2006 Adelaide Award

Denis M. Garrison, judge



For Nadia

like poet's tongues
born in a hard season
drift across thresholds of silence,
dark red.

          (Nadia Anjuman, Afghan poet,
          b. 1980. Beaten to death, 2005.)

                              Ann K. Schwader

This exquisite and powerful poem has stayed with me since I first read it. Schwader's traditional cinquain is an exemplar of the form but, more significantly, she, like her subject, has something important to say. This memorial verse is a fitting tribute to a woman poet murdered for her art. For those of us for whom poetry is a vital concern, Nadia's story has a place in our ancient and noble tradition. I encourage you to read more about Nadia Anjuman. 

What Schwader is displaying here is the inexorable reality of a brutal world, challenged by art: the price of truth is blood. This is not news, but this poem uses fresh imagery and a polished mastery of the cinquain's formal strengths to make this announcement anew-in powerful, yet brief, lines. The turn comes in the fourth line wherein, rather than hear of song, we hear of final silence. Our frustrated expectation produces the poignancy of the poet's silencing. The somber last line hits the perfect tonal note and resonates with the first line to make the poem fully integrated and complete. The third line would be a fine title for a biography of the subject poet. The title of the cinquain, as it should, adds value by providing an essential context for the poem; it is as important as would be an extra line of verse. This
is modern cinquain-writing at its best. In a book full of wonderful cinquains, Schwader's stands out as fully realized, beautiful, powerful, and important.


Anna Akhmatova

Your words:
sharpened fine steel
forged in the fires of Hell,
burning red coals that keep your heart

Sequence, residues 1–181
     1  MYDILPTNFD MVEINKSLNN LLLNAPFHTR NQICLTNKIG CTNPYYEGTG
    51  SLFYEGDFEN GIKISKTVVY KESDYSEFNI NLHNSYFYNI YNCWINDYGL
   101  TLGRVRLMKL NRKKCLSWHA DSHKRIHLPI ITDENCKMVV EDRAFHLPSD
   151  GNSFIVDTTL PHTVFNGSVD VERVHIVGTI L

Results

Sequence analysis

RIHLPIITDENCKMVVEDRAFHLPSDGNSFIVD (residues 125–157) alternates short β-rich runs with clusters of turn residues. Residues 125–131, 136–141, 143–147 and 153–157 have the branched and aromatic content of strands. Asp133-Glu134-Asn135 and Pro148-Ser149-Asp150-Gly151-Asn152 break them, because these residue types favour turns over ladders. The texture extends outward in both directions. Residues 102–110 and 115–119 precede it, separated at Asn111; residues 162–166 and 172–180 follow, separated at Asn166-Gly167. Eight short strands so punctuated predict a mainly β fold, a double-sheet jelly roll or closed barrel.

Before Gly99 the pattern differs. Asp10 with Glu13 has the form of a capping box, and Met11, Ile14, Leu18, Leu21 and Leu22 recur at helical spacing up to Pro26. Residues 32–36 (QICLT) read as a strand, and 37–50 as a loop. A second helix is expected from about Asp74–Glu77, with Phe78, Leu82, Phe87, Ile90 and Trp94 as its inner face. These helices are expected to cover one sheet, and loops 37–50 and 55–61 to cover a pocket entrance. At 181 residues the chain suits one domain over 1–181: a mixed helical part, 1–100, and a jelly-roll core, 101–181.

Michael L. Evans

I am a fan of Michael Evans' cinquains, particularly those with historical or mythological subjects. Choosing among his cinquains is made more difficult by their variety-so much from which to choose! I selected "Anna Akhmatova" for many of the same reasons I have cited above with respect to "For Nadia." This also is a memorial poem, a tribute to a lioness in winter, Russia's
great 20th century poet who suffered greatly under Stalinism, yet triumphed in the end, showing how justice may be done in the historical perspective. 

In this cinquain, the turn comes in the middle of the fourth line where our diminished expectations are met with the triumph of the truth. Rather than being ultimately consigned to flames, Akhamatova survives and lives on, immortal in world culture, preserved by the verse for which she was persecuted. The isolation of the final word on the last line makes it a shout of
triumph, a trumpet of survival. Lines one and five resonate perfectly: "Your words: / alive!", summarizing the whole poem in pure brevity. This is an outstanding example of the power and beauty achievable in the cinquain form, and of the heavy freight which such a brief and fragile form can carry gracefully in the hands of a master of the form like Michael L. Evans.



The crows,
haunting the view
from the northeast window,
settle on the yard like fragments
of night.

                              C W Hawes